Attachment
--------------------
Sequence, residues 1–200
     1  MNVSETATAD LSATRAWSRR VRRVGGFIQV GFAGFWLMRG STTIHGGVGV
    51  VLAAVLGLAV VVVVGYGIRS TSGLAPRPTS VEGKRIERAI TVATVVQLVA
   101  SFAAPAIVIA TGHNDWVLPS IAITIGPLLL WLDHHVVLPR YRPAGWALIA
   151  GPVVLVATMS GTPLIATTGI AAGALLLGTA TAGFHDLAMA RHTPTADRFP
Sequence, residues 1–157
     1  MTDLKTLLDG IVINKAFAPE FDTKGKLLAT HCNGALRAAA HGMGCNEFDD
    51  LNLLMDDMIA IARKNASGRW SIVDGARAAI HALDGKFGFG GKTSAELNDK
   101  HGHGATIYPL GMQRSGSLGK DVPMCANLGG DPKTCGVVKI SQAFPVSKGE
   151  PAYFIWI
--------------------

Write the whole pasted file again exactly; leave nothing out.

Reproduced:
Sequence, residues 1–200
     1  MNVSETATAD LSATRAWSRR VRRVGGFIQV GFAGFWLMRG STTIHGGVGV
    51  VLAAVLGLAV VVVVGYGIRS TSGLAPRPTS VEGKRIERAI TVATVVQLVA
   101  SFAAPAIVIA TGHNDWVLPS IAITIGPLLL WLDHHVVLPR YRPAGWALIA
   151  GPVVLVATMS GTPLIATTGI AAGALLLGTA TAGFHDLAMA RHTPTADRFP
Sequence, residues 1–157
     1  MTDLKTLLDG IVINKAFAPE FDTKGKLLAT HCNGALRAAA HGMGCNEFDD
    51  LNLLMDDMIA IARKNASGRW SIVDGARAAI HALDGKFGFG GKTSAELNDK
   101  HGHGATIYPL GMQRSGSLGK DVPMCANLGG DPKTCGVVKI SQAFPVSKGE
   151  PAYFIWI